The following is the latest installment of Mayor Jim Boroff's monthly updates on city issues.
Paint color. Although just a few comments and questions have come directly to my office, there certainly has been discussion on the street about the recently repainted Marvin's building. As part of a renovation effort to open a new restaurant downtown, the owners have painted the building a bright green.
Most of the questions center on the design review regulations for the downtown area and our building maintenance code -i.e., "Can the city dictate appropriate paint colors?" Neither set of regulations gives the city the right to prescribe "appropriate" paint colors. Indeed, we can enforce issues of peeling paint; but, the color is left entirely to the owner.
Years ago, there was an effort to craft a design review code that included (among other things) specifications for colors of paint, permitted types of interior window treatment and it even included parameters for allowable types of flower boxes. Public opposition to the proposed legislation was overwhelming -especially on the part of the building owners.
When the current legislation was adopted for design review in the downtown area, paint color and window treatments were intentionally left to the discretion of the owners. We had learned there is definitely a fine line between what the public expects to be "proper" versus the rights of expression by the respective building owners.
In actuality, when I asked those who called me if they were opposed to the green building, most said that they did not necessarily dislike the color. It was more the surprise of seeing a white building that suddenly turned bright green.
Controversy notwithstanding, it is my sincere hope any investors who open a business in Tiffin succeed in their efforts. We are ready to assist any endeavor as best that we can.
Revenue forecast. The administration and department heads are hard at work on the 2012 budget. Although income tax revenues are making steady progress toward a recovery back to the 2008 level, we will be facing significant cuts from the state that will more than offset any of these gains.
To prepare ourselves for making sound financial decisions, we are assessing just what we believe our general fund revenue will be for the next few years. In 2008, our income tax revenue was $7 million. Other revenue sources amounted to just about $4 million - giving us a total income of $11 million. In preparing the budgets for '09, '10 and '11, we used various benchmarks and indicators to calculate projected revenue loss for those respective years. In every case, we were right on target and able to make things work reasonably well by having these accurate forecasts.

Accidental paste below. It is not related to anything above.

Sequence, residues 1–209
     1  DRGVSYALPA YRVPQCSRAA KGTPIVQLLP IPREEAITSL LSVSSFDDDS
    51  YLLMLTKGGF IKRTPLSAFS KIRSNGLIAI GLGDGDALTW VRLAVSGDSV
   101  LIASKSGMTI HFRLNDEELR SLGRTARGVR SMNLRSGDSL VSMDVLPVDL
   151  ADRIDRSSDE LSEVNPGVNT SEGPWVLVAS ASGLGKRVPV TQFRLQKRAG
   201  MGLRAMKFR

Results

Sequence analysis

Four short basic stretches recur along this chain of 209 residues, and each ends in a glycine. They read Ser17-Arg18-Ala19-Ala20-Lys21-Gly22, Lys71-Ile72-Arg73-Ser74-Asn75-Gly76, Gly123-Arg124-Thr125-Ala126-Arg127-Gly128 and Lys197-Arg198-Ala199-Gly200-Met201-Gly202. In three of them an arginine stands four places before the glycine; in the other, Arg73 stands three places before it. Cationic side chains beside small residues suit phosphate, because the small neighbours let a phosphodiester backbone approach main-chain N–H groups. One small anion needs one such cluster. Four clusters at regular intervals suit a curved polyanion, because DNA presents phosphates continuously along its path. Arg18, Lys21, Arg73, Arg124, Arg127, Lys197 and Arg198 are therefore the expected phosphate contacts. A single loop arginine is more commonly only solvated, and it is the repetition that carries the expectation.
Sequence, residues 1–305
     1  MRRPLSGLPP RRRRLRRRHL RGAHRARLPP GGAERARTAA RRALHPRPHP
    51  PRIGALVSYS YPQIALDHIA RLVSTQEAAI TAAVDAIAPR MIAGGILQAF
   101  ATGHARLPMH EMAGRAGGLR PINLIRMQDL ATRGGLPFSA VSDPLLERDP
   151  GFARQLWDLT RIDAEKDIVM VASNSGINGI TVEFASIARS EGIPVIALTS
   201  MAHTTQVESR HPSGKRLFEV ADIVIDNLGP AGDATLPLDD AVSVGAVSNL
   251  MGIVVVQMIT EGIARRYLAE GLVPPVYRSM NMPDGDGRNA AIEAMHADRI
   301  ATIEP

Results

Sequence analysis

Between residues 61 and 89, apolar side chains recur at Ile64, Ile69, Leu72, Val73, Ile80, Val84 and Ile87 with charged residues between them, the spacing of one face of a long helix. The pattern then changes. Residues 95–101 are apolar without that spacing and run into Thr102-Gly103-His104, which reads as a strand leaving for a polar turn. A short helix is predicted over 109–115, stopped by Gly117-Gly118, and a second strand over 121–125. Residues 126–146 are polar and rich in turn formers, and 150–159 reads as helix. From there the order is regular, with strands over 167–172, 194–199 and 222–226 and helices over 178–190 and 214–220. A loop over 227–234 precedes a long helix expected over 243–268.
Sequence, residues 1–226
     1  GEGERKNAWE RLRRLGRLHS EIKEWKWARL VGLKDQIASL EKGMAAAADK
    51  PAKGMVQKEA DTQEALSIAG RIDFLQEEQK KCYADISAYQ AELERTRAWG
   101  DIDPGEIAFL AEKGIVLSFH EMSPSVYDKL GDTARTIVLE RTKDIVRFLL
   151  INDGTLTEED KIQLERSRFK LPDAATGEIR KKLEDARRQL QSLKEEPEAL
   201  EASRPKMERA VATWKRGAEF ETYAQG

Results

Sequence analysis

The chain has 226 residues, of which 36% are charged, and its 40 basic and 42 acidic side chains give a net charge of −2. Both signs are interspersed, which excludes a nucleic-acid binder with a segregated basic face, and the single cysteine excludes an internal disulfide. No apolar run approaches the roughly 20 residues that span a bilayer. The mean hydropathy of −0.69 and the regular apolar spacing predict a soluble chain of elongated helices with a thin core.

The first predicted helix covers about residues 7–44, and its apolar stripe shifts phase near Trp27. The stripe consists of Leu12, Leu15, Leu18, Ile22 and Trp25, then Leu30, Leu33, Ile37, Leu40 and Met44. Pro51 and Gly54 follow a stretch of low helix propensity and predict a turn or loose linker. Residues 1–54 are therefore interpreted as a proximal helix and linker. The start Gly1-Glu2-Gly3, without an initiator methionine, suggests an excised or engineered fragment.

New cuts in income from the state make it more difficult to estimate expected revenues, but we have to start somewhere. I believe that, even if the economy continues to improve, the city cannot expect income tax revenues to rise much above the $7 million figure in the foreseeable future. Consequently, all annual revenue projections are based upon $11 million in general fund income minus these revenue losses.
There are four major factors that will impact our city's general fund:
Scaled back Local Government Funding from the state.
City Council's stated intention of annually decreasing the amount of sewer revenue money used to pay sewer administration expenses and then budgeting more general fund money each year to cover that gap.
Phasing out personal property taxes.
The state's elimination of estate taxes.
Finance Director Gwynn Reinhart and I have calculated the approximate impact each of these four factors will have on the next three years' revenue stream. We have concluded that, if nothing is done, the city will be down about $1 million in annual revenue by the year 2014. This means that, unless the administration and city council find ways to enhance revenue streams, we will be working with 9 percent less income in 2014 than we are today.
Solutions? We do have some options.
In order to meet our commitment of providing quality services to our citizens, we must continue to watch our expenses. I believe we have all done a good job of that. During these past four years, we have reviewed contracts with utilities, made changes in administrative procedures, combined supply purchases throughout departments, thoroughly researched capital purchases and have found many other ways to keep costs down. Collectively, we have achieved $2 million in direct savings to the city during this four-year period.
Secondly, all employees - union and non-represented - are working closely with the administration to find ways to lower our employee expenses. Everyone understands we are in financial times that are entirely different from what anyone of us has experienced before. Everything is subject to discussion and review from health care to vacation time to overtime policies - and we will all participate in the decision-making process.
Our employees recognize that any degradation in city government directly affects them as residents. The collective goal is to hammer out solutions that are palatable to everyone and to continue to provide the best of all services to our residents without significantly diminishing our quality of life.
Finally, the administration and city council need to take a good look at the hard issues, i.e., revisiting the council's policy on the sewer administration fees, reducing allowable income tax deductions for residents who work in other communities, and adjusting service and license fees to cover our true costs. None of this income will fatten the city treasury. Every dollar is vitally needed and will (and has always been done in the past) be spent prudently for the benefit of the people of Tiffin.
No one wants to pay more for services than they have to, but if we are to continue to operate effectively and efficiently for our residents, everyone will need to be prepared for some significant changes.